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Economic & Sector Work :: Other Agricultural Study

Making the Grade : Smallholder Farmers, Emerging Standards, and Development Assistance Programs in Africa - A Research Program Synthesis


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World Bank
2012-03-19T10:14:26Z | 2012-03-19T10:14:26Z | 2011-06-01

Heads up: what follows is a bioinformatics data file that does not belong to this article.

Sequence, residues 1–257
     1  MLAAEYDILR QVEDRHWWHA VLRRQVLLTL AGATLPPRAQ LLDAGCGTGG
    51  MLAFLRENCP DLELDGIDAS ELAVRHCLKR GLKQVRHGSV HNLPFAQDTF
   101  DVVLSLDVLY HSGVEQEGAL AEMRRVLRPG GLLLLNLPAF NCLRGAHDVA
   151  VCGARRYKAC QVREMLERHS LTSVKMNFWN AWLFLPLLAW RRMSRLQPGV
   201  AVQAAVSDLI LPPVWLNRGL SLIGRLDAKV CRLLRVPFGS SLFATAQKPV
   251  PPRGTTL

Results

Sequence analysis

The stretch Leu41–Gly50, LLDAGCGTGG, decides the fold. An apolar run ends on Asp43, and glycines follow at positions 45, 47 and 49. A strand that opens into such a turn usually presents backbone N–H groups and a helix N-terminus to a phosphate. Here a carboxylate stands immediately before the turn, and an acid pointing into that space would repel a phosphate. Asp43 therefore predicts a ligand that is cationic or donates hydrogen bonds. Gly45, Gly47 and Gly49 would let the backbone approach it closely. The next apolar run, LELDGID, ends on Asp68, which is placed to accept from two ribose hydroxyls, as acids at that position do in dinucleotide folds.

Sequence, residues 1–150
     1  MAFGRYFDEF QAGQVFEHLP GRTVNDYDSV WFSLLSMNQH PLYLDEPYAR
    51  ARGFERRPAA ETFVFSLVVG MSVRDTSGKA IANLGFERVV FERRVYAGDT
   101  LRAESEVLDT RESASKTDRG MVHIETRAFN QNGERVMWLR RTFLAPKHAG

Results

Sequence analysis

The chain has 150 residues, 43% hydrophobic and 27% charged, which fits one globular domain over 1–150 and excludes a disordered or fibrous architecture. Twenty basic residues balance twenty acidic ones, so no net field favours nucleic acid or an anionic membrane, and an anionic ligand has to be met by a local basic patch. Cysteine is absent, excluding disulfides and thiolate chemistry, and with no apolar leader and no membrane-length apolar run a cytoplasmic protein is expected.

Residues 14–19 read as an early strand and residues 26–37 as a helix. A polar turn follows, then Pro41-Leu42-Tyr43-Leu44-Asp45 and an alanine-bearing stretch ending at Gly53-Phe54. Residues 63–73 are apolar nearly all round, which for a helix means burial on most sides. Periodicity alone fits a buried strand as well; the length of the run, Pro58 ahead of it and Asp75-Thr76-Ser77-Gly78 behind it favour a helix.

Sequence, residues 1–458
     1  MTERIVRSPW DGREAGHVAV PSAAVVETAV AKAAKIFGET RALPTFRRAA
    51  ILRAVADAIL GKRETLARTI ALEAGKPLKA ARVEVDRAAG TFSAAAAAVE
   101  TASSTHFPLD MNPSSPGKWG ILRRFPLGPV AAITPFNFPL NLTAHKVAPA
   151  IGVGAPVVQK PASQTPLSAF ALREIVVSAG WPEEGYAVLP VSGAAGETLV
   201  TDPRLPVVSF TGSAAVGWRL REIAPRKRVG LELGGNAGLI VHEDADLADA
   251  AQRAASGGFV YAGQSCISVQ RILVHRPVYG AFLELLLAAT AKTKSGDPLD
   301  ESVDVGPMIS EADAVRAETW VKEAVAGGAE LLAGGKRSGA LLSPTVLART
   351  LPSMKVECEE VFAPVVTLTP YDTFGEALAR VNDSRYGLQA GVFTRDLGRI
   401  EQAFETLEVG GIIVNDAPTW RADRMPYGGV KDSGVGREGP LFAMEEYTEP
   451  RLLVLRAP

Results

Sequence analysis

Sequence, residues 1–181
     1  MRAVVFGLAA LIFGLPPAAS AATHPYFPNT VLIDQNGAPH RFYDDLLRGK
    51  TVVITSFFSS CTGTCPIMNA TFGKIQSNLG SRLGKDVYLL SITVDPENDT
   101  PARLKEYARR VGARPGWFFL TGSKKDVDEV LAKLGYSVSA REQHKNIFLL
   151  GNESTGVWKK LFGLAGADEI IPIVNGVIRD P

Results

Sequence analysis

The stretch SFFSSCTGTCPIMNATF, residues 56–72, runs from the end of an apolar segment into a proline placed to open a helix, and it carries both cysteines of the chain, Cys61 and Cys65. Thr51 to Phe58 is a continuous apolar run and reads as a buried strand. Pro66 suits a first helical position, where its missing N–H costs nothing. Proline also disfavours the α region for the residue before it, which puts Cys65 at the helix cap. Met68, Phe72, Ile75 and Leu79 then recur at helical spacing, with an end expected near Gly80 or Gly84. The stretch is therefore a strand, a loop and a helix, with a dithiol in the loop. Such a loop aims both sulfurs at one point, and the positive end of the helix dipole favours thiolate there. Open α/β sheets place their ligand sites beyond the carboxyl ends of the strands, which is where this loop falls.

Market access has been identified as one of the foremost factors influencing the performance of small-scale producers in developing countries, and in particular least-developed countries. Smallholder access to markets for higher-value or differentiated agricultural and food products (hereafter HVAF) is recognized as a vital opportunity to enhance and diversify the livelihoods of lower-income farm households and reduce rural poverty more generally (World Bank 2007a). Smallholder participation in HVAF markets is typically constrained by inadequate farm-level resources, farm-to-market logistical bottlenecks, and more general transaction costs in matching and aggregating dispersed supplies to meet buyer and consumer demand. These traditional constraints have been amplified and, in some cases, surpassed by a new set of challenges associated with compliance with product and process standards, set and enforced by governments as well as private supply-chain leaders. In the face of emerging challenges and opportunities associated with standards and serving HVAF markets, many development agencies, nongovernmental organizations (NGOs), government agencies, and private companies have implemented measures to level the playing field, strengthen specific technical or institutional capacities, or otherwise act to facilitate smallholder compliance with standards and continued or increased participation in HVAF supply chains. Such investment, cost-sharing, capacity-building, or capacity-bridging activities have expanded considerably in recent years, especially in SSA. These initiatives have taken varied forms and involved various entry points. Many initiatives have been bottom-up, focusing on smallholder (group) capacities for production, collective action, standards compliance, and so forth; others have been top-down, seeking to better link farmers to remunerative markets through the efforts and enhanced capacities of lead firms; and others have opted for intermediary models, with donors and NGOs assuming critical supply-chain functions. Still other interventions have focused outside of specific value chains, seeking to strengthen the overall enabling environment and support services for HVAF more generally. Relatively little of this expanding field of development assistance has been formally evaluated to consider its cost-effectiveness and impacts. Nevertheless, there are evident signs of learning and adjustment within the development community regarding the strengths, limitations, and pitfalls of various approaches and, relatively recently, some efforts to begin to share these lessons and to better coordinate development assistance in this field.


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